An often-missed factor in lameness diagnosis

Research shows that when jogging a horse in hand even a slight incline can alter a horse’s gait enough to confound lameness detection.

When jogging a horse to check for lameness, head for footing that is as flat as possible. Research from England shows that even a slight incline can alter a horse’s gait enough to confound a lameness diagnosis. 

The study conditions

For the study, University of Nottingham researchers affixed inertial sensors at the poll, withers, sacrum and points of the hip on 10 horses with previously diagnosed forelimb lameness and eight horses with hind-limb lameness. Each horse was then jogged in hand on a level surface as well as up and down a gentle slope of 2.4 degrees. The captured data was then analyzed for significant differences in asymmetry associated with the surface slope.

The findings

lameness diagnosis
Even a slight incline can alter a horse’s gait. That can affect lameness evaluations. (Getty Images)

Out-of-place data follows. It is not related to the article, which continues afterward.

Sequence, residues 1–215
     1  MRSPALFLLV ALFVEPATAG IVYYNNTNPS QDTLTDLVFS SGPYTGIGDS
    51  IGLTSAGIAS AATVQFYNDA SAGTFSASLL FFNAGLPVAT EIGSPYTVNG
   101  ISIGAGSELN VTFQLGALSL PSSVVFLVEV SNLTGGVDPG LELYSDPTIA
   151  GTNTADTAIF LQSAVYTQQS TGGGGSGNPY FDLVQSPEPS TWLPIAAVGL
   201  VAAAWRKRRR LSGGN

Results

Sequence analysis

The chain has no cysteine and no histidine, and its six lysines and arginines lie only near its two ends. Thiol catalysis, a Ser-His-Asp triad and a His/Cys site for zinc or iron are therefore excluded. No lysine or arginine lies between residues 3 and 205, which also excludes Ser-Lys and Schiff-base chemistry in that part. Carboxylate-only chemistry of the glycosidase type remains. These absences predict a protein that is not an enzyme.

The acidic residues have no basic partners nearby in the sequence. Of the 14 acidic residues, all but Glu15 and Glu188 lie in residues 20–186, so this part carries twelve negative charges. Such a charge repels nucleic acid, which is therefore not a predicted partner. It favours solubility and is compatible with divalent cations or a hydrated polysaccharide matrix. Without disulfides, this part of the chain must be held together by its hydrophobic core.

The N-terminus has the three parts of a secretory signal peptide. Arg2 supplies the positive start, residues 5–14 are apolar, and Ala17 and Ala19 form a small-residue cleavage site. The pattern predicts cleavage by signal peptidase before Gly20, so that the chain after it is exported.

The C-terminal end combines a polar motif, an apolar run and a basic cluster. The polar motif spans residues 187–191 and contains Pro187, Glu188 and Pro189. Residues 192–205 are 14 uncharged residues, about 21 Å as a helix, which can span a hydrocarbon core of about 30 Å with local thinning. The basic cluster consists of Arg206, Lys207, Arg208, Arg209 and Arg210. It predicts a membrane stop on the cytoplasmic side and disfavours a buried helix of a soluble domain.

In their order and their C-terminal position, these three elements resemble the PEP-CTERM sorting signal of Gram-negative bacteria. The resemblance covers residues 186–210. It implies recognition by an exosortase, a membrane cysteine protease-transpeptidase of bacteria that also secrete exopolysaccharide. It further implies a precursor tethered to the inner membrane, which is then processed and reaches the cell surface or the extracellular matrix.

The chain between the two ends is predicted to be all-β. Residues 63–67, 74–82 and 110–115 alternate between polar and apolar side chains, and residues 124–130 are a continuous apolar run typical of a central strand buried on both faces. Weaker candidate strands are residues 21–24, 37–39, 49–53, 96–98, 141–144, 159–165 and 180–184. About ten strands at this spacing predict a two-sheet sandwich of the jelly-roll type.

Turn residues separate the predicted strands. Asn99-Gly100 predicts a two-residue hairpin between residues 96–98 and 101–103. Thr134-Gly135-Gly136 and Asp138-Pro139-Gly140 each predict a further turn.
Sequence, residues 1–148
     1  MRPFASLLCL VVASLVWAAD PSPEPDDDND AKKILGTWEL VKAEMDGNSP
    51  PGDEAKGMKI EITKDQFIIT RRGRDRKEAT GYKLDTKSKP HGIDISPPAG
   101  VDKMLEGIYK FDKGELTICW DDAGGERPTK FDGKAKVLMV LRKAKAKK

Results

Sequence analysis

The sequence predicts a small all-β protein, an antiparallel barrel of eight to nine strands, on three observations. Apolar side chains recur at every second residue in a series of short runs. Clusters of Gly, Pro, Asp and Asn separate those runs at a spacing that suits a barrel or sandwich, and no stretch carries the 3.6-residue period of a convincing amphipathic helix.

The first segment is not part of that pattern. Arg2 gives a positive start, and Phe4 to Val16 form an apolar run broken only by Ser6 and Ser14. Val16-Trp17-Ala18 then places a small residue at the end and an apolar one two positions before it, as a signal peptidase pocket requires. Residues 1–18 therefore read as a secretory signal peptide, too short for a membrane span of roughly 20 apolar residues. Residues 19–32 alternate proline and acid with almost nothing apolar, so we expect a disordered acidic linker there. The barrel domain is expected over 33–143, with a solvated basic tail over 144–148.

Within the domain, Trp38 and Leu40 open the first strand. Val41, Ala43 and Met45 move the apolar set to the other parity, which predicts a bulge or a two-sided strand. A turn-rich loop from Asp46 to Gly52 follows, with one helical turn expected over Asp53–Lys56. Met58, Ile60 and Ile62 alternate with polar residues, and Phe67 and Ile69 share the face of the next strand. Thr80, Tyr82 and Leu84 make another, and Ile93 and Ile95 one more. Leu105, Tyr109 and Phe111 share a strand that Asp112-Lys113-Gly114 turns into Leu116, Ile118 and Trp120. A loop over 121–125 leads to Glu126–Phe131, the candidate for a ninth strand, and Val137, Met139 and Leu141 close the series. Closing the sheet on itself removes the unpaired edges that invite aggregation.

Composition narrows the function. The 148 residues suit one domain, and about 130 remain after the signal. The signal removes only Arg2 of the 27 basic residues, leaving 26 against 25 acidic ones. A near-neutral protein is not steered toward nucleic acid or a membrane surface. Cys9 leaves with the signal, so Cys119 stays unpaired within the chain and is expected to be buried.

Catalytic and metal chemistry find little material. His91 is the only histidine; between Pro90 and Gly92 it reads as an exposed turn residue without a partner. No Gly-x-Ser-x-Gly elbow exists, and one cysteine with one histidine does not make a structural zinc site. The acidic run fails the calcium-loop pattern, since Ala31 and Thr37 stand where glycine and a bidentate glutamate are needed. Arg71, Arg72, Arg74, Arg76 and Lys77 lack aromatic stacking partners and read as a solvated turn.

The researchers discovered that horses with hind-limb lameness exhibited less gait asymmetry when trotting downhill, as opposed to traversing flat or uphill surfaces. They noted considerable changes in poll movement (head bobbing) among individual horses when they traveled over flat or sloping surfaces. Most strikingly, two horses with hind-limb lameness appeared to be favoring the opposite leg when trotted on different inclines. The same was true of two horse with forelimb lameness

What the findings mean

These findings underscore the importance of using a flat surface for lameness exams in general. But that doesn’t mean sloped surfaces must always be avoided, the researchers say. In fact, knowing exactly how inclines affect lameness could potentially aid in diagnosis. “Further work is justified to elucidate the types of pathology associated with the most relevant changes in asymmetry which would allow the use of an incline to prioritize a list of differential diagnoses.”

Reference:An objective study into the effects of an incline on naturally occurring lameness in horses,” Veterinary Medicine and Science, August 2022

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